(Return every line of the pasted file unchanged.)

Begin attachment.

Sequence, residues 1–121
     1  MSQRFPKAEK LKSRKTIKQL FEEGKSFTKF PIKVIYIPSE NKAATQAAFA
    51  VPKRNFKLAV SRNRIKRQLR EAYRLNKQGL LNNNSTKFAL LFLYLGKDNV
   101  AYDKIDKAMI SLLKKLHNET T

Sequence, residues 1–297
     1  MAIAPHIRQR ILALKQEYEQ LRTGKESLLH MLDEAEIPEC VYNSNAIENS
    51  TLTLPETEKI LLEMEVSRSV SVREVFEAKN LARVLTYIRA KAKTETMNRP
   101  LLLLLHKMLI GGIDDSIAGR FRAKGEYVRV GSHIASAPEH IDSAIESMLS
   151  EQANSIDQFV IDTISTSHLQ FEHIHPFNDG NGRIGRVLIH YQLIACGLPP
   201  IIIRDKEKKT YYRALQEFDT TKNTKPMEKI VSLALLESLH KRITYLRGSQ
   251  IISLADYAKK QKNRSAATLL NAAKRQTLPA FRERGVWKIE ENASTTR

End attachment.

Sequence, residues 1–121
     1  MSQRFPKAEK LKSRKTIKQL FEEGKSFTKF PIKVIYIPSE NKAATQAAFA
    51  VPKRNFKLAV SRNRIKRQLR EAYRLNKQGL LNNNSTKFAL LFLYLGKDNV
   101  AYDKIDKAMI SLLKKLHNET T

Sequence, residues 1–297
     1  MAIAPHIRQR ILALKQEYEQ LRTGKESLLH MLDEAEIPEC VYNSNAIENS
    51  TLTLPETEKI LLEMEVSRSV SVREVFEAKN LARVLTYIRA KAKTETMNRP
   101  LLLLLHKMLI GGIDDSIAGR FRAKGEYVRV GSHIASAPEH IDSAIESMLS
   151  EQANSIDQFV IDTISTSHLQ FEHIHPFNDG NGRIGRVLIH YQLIACGLPP
   201  IIIRDKEKKT YYRALQEFDT TKNTKPMEKI VSLALLESLH KRITYLRGSQ
   251  IISLADYAKK QKNRSAATLL NAAKRQTLPA FRERGVWKIE ENASTTR